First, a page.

From Longman Dictionary of Contemporary Englishtake care of somebody/somethingtake care of somebody/somethinga) LOOK AFTER somebodyLOOK AFTER somethingto look after someone or something Who’s taking care of the dog while you’re away?take care of yourself The children are old enough to take care of themselves. b) DEAL WITHto deal with all the necessary work, arrangements etc Her secretary always took care of the details. Don’t worry about your accommodation – it’s all taken care of. c) PAY FORto pay for something – used when you want to avoid saying this directly We’ll take care of the fees. → care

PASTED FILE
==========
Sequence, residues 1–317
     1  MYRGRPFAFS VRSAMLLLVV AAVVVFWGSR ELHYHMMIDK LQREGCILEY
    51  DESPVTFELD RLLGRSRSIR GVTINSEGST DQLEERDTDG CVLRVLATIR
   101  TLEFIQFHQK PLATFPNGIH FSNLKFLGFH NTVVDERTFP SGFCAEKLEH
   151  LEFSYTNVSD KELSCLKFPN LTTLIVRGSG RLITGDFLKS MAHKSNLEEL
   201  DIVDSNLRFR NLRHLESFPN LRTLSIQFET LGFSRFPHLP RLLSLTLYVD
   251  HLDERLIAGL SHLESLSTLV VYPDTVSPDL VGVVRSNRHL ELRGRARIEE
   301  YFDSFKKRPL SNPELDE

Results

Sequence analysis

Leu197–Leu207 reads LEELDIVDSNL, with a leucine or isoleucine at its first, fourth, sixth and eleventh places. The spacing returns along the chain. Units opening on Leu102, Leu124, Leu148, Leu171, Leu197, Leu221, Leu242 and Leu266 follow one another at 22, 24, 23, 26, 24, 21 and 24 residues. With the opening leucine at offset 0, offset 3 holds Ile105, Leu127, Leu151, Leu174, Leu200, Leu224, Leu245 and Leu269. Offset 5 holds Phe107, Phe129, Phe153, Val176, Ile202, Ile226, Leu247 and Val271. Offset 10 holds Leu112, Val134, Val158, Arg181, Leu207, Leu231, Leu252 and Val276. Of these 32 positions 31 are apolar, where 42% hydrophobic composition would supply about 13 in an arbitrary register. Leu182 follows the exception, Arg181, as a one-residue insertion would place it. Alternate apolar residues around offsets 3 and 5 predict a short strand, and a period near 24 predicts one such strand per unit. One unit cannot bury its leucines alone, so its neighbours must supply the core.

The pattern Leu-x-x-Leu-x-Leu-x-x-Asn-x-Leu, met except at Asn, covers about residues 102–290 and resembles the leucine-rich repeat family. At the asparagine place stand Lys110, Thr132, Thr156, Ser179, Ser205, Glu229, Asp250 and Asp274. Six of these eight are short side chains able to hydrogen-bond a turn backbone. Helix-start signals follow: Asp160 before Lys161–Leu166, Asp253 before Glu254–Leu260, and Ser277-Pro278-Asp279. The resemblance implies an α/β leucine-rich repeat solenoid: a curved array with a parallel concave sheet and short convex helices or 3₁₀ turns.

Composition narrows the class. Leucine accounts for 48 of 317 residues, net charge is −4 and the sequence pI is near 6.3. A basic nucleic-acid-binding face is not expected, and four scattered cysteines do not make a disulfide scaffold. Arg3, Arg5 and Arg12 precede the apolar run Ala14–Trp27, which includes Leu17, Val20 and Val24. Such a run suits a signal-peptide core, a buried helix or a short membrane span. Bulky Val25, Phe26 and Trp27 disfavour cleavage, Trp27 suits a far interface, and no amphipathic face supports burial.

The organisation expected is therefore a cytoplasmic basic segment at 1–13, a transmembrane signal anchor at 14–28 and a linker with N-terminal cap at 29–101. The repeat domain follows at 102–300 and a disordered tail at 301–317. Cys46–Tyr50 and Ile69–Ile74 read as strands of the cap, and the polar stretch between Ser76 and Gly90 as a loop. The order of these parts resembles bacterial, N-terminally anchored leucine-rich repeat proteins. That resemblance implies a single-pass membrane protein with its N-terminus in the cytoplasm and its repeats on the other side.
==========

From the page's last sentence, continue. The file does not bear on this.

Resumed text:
Examples from the Corpustake care of yourself• Many youngsters who've been brought up in care are often incapable of looking after themselves when they leave.• It is good for old men to talk straight; talk straight on both sides and take care of one another.• They tried to take care of each other and sometimes of me.• Let Ephraim Cook keep the business in order for Amabel and Gemma, and whoever came after them must take care of themselves.• She took care of herself, and of Anthony, and she always had, and always would.• Grandpa can't take care of himself any more so he's coming to live with us.• Everybody had to take care of themselves.• You have to take care of yourself; you need to work hard.• She tells him to take care of himself, and sends greetings from the whole family.• Timing is everything, but time usually takes care of itself on the upper San Joaquin.